Anti-Advanced Glycation End Products (AGE), Methylglyoxal (MG) [3D11] Antibody

This IgG monoclonal antibody was generated against methylglyoxal (MG)-modified ovalbumin, and is reactive against human, mouse and rat MG.

Methylglyoxal (MG) also referred to as pyruvaldehyde or 2-oxopropanal is formed as a side product of several metabolic pathways. Importantly, it has shown to be involved in the formation of advanced glycation end products otherwise known as AGEs. AGEs are formed both outside and inside the body. AGEs are substances that can be a factor in the development or worsening of many degenerative diseases including Diabetes and Alzheimer's disease.

From the laboratory of Helen Vlassara, MD, Icahn School of Medicine at Mount Sinai

The Investigator's Annexe Part of The Investigator's Annexe program.

Catalog Number Product Size AVAILABILITY Price Qty
EMS301
Anti-Advanced Glycosylation End Products (AGE), Methylglyoxal (MG) [3D11] Antibody, 50ug
50ug In stock
Price: $320.00
Specifications
Product Type: Antibody
Name: Anti-Advanced Glycation End products (AGE), Methylglyoxal (MG) - AGE-MG [3D11] Antibody
Molecular Weight: 45.4 kDa
Isotype: IgG2a, Lambda
Clonality: Monoclonal
Clone Name: 3D11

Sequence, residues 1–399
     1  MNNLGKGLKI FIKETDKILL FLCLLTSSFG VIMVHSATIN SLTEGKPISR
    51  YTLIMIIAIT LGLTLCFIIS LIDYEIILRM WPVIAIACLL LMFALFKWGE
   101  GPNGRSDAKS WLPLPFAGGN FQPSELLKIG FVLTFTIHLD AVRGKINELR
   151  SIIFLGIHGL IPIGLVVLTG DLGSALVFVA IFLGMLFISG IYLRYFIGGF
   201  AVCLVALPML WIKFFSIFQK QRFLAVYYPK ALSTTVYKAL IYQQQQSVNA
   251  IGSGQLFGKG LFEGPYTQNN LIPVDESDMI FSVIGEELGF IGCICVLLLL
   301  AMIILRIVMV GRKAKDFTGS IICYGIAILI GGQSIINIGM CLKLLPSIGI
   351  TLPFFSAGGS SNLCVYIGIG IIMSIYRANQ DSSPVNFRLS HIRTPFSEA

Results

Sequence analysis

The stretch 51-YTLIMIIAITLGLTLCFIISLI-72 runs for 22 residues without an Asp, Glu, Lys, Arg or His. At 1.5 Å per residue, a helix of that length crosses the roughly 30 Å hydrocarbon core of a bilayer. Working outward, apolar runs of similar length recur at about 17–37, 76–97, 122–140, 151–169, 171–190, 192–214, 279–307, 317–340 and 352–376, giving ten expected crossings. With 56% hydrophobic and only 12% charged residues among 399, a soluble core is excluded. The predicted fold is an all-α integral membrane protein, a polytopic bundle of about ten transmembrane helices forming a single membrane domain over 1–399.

Reactivity: Human, Mouse, Rat
Immunogen: MG-modified ovalbumin
Species Immunized: Mouse
Purification Method: Protein G Affinity Chromatography
Buffer: 0.1M Sodium Phosphate, pH 7.4, 0.15M NaCl, 0.05% (w/v) Sodium Azide
Tested Applications: WB (1:800-2000), IHC (1:10-20), ELISA (1:1000)
Storage: -20C
Shipped: Cold packs
Data

Binding inhibition curve of anti-MG derivative (MG3D11)

Affinity of mouse monoclonal antibody (MG3D11) was determined by a competitive ELISA. Competitive inhibition of antibody binding by modified and unmodified proteins (left) or lipid lipoprotein preparations (right)

Adapted from: Cai W., et. al Mol Med 8: 337-346, 2002.

Provider
From the laboratory of Helen Vlassara, MD, Icahn School of Medicine at Mount Sinai
References
  1. Cai W., Gao G.D., Zhu L., Peppa M., Vlassara H. Oxidative stress-inducing carbonyl compounds from commn foods: novel mediators of cellular dysfunction. Mol Med 8: 337-346, 2002.
  2. Vlassara H, Cai W, Crandall J, Goldberg T, Oberstein R, Dardaine V, Peppa M, Rayfield EJ. Inflammatory mediators are induced by dietary glycotoxins, a major risk factor for diabetic angiopathy. roc Natl Acad Sci U S A. 2002 Nov 26;99(24):15596-601.
  3. Cai W, Ramdas M, Zhu L, Striker GE, Vlassara H. Oral advanced glycation endproducts (AGEs) promote insulin resistance and diabetes by depleting the antioxidant defenses AGE receptor-1 and sirtuin 1. Proc Natl Acad Sci USA 109: 15888-15893, 2012.

If you publish research with this product, please let us know so we can cite your paper.

 
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